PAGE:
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Society for the Study of Psychiatry and Culture, Annual Meeting: “Family Matters”
April 27 - April 29
Annual Meeting, April 27-29, 2017, Princeton, New Jersey
The conference will address questions such as: How is culture transmitted by the family? How does family treatment improve options and outcomes? How do important social changes, such as mass migration, war, and poverty, affect family and individual health? Do a cultural/community framework and e ective family inclusion in care enhance clinical outcomes and reduce health care disparities?
Topics include, but are not limited to:
- Families, culture, and resilience
- Trauma and the family
- Family-centered care for refugees, asylum seekers, and immigrant communities
- Evolving concepts of family
- Training in family therapy and culture
- The convergence of family psychiatry and cultural psychiatry
- Current perspectives on acculturation and family dynamics
- Workshops on how to use the Cultural Formulation Interview (CFI) and the genogram in clinical practice
- Cultural variations in families caring for their chronically ill family members.
- Multifamily groups for traumatized families
Each day begins with a special plenary session. On Day One we note the absence of family studies in the global mental health movement and our experienced presenters (diNicola, Song, and Griffith) focus on suggestions to ll this gap. On Day Two Celia Falicov will present her widely recognized research on separated or “transnational” families and the clinical model she has developed for working with them. On Day Three we explore the rapidly changing world of gender nonconforming children, the “gender spectrum,” and how families interact with this new cultural identity. Speakers include the mother of a transgender child (Hyde), a child therapist specializing in family work with LGBTQ children (Angello), and a sociologist in gender studies discussing 50+ years of medical and mental health attention to gender nonconforming children (Bryant).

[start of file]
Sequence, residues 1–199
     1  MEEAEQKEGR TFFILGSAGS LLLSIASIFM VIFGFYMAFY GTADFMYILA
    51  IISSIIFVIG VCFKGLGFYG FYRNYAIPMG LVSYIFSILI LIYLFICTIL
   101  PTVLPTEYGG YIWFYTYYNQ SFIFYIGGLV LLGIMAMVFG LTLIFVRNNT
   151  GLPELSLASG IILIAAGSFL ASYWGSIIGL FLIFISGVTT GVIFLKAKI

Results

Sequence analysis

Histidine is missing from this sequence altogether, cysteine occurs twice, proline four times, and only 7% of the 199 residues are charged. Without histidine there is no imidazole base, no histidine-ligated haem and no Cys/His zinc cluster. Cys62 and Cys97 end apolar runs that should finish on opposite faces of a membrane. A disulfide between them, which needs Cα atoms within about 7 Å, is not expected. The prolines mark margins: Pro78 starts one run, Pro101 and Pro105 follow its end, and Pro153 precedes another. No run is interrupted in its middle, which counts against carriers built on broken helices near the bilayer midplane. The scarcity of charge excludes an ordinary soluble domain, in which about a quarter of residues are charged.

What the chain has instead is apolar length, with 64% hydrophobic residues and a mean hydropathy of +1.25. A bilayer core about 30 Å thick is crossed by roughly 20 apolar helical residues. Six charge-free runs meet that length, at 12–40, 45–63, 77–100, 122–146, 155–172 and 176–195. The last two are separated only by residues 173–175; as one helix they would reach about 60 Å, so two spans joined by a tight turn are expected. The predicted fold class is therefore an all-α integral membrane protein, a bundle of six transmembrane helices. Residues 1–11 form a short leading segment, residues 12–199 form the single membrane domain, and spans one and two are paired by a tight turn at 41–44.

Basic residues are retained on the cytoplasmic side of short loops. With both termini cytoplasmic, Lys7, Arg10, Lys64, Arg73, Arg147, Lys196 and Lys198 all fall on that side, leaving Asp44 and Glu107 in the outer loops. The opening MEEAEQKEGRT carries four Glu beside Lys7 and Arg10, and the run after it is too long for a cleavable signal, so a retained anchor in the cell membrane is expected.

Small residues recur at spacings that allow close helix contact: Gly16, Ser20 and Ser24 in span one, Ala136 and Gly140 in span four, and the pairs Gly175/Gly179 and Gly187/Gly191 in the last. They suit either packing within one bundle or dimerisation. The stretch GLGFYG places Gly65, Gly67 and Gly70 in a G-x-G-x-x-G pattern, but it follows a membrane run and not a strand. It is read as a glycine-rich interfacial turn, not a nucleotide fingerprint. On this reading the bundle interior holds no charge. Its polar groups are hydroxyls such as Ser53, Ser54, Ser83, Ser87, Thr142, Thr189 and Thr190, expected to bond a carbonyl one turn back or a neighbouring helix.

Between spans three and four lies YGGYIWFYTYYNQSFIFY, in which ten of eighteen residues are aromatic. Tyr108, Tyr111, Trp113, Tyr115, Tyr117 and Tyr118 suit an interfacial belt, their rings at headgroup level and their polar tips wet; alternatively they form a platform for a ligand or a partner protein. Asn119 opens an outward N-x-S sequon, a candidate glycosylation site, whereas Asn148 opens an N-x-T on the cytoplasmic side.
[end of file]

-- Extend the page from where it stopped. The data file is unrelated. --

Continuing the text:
Overall Learning Objectives
After attending this meeting, participants will be able to:
- Identify cultural variations in the de nition, composition, and dynamics of families and how this variation a ects the mental health of their members, their interpretations of mental illness, and the process of help-seeking, and evaluate mentally ill individuals in minority, transnational and culturally diverse families.
- Integrate family assessment into the practice of cultural psychiatry and global mental health, including the use of family-focused interview instruments.
- Describe how families from di erent cultural traditions adapt differently to major mental illness, changes in gender roles and/or in gender identity, and other complex behavioral and psychological processes in their members.
- Discuss the effects of the current refugee crisis on immigrant and host families, and the family’s process of adaptation over time.
This activity has been planned and implemented in accordance with the accreditation requirements and policies of the Accreditation Council for Continuing Medical Education (ACCME) through the joint providership of the Warren Alpert Medical School of Brown University and the Society for the Study of Psychiatry and Culture. The Warren Alpert Medical School of Brown University is accredited by the ACCME to provide continuing medical education for physicians.